“For though you might have ten thousand instructors in Christ, yet you do not have many fathers…”I Corinthians 4:15a
As the scripture states there are many teachers, but not many that can father. There are men that have sired children but there are unfortunately not many that know how to be a father…if you have or have had a true father then count your blessings…I had one…
My Dad, a gentle man, born May of the year 1919, was a precious, precious father. If it is true that we get our first impression of what we think God is like by the example our fathers set, then my impression of God from as far as I can remember is that He is loving, kind, protective and yes, gentle.
Though my Dad came from a childhood of poverty in the south, back in the days when African Americans were looked upon as not being human beings; where the stereotype had already been cast that blacks, especially black males were lazy; he always found work and was never too proud to take menial jobs so that he could make some money to contribute to the pot for his parents and siblings.
This work ethic carried over into his adult years, where he worked at a paper mill for many, many years. He used to tell us stories of how the African American males had to eat their lunch sitting up on the rafters of the plant, because they were not allowed to eat with the “regular” folks, even though they did some of the same jobs. He told us stories of how as a black male you were not allowed to look a white person in the eyes, and if you did, you were called disrespectful and even worst could happen. But through all of this time of his life, my dad remained a gentleman. When he told us stories of this kind, it was not with bitterness, but to caution us. You see he loved his family very much and living during those times came with an extra concern for safety. And that even though he and my mom gave us a safe, nurturing and loving haven, outside of that was a world that could be very cruel.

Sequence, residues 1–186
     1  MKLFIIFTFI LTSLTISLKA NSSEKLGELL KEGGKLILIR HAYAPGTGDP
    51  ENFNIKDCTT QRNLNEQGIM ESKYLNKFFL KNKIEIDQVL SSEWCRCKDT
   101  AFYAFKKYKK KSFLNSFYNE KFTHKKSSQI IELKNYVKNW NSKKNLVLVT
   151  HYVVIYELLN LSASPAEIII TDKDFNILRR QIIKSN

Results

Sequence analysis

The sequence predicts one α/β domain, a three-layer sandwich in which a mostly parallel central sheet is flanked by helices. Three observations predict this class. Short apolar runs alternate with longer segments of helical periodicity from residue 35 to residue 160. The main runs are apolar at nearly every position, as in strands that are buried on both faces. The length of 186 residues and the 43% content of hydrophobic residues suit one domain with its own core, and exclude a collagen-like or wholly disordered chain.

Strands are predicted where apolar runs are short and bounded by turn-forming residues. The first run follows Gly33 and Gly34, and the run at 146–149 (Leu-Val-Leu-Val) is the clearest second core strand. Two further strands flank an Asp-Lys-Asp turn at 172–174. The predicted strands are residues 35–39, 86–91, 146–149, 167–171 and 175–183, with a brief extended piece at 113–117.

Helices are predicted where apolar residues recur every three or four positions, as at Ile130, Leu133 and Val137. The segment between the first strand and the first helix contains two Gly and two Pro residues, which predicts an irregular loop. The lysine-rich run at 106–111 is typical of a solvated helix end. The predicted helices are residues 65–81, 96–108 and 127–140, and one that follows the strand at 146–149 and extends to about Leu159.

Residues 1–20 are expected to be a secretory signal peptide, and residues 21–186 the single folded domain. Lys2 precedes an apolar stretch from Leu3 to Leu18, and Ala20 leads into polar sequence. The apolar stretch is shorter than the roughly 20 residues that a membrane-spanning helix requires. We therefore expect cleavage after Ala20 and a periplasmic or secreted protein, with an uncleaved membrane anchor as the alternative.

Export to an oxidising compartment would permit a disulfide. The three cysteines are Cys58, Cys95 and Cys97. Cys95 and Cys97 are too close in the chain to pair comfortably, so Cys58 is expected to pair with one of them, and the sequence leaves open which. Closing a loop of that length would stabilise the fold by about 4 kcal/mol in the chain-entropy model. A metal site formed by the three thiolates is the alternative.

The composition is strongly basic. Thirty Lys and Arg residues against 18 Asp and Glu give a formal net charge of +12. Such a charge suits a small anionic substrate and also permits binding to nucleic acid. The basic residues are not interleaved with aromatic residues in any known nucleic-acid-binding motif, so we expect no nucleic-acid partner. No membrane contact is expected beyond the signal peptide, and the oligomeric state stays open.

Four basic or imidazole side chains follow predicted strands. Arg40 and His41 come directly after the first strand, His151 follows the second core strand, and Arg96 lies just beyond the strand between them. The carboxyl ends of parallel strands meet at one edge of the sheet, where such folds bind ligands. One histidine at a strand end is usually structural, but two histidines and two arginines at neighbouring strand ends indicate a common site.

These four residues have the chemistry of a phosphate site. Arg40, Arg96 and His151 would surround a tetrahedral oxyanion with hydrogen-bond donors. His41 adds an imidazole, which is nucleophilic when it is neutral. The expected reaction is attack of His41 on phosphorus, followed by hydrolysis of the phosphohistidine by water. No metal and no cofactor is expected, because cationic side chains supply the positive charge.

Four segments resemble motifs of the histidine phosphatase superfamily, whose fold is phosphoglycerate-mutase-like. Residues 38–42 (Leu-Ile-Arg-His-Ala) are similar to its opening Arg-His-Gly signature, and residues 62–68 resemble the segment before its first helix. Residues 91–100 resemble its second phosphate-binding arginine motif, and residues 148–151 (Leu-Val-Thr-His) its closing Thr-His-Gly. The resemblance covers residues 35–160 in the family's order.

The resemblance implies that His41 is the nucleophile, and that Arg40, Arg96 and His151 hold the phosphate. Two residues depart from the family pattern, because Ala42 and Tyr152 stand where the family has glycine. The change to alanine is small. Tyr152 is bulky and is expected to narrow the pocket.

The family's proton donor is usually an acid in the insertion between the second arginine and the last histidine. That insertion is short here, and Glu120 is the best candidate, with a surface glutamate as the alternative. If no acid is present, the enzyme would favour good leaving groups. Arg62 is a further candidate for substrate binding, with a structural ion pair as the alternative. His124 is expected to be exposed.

When I was very young every chance that I got I followed my dad. Even a short trip to the hardware store was an adventure to me. My dad could fix anything…or at least my siblings and I thought. The story goes of my oldest brother Calvin who when he was a little kid had a balloon that burst and while stifling back tears he said bravely, “that’s alright, my daddy can fix it with a nail!” Daddy oh Daddy you were our hero! J
He was a wonderful provider that saw that we had everything we needed as well as most of our wants. Each summer he always made sure that we all went on a trip, usually to Buffalo, New York or Philadelphia. All six of us at the time, would pile into our car and travel for over 16 hours (probably more). Despite the fights amongst us kids and the threats of putting us out beside the road, those were good times. We would always stop in the mountains of New York to picnic and take pictures. And when I would ask my dad how much longer did we have to go, his answer would always be “Oh about another thousand miles.” With that I would collapse in the back seat with a groan! Usually landing on the toe or foot of my one of my siblings that brought a big yelpl! LOL
Another one of my fondest memories is of him asking (his wife) mom for some “sugar”. He knew that she would be embarrassed when he did this in front of us, but it always brought a secret smile to her face. He would pucker up and make a kissing noise and try to grab her to smooch! It always brought laughter to us! Such wonderful memories we have of you Dad.
Thanks Dad for being the man that you were, so solid, full of integrity and with such love. Thanks for being that example of what a real man should be like. Thanks for not bending or swaying under the pressures of being a man, an African American man during a time when it was almost unbearable. Thank you for relying on God to help you be steadfast, immovable and consistent in taking care of your wife and family. I miss you today and always. You will always be in my heart…I love you Dad.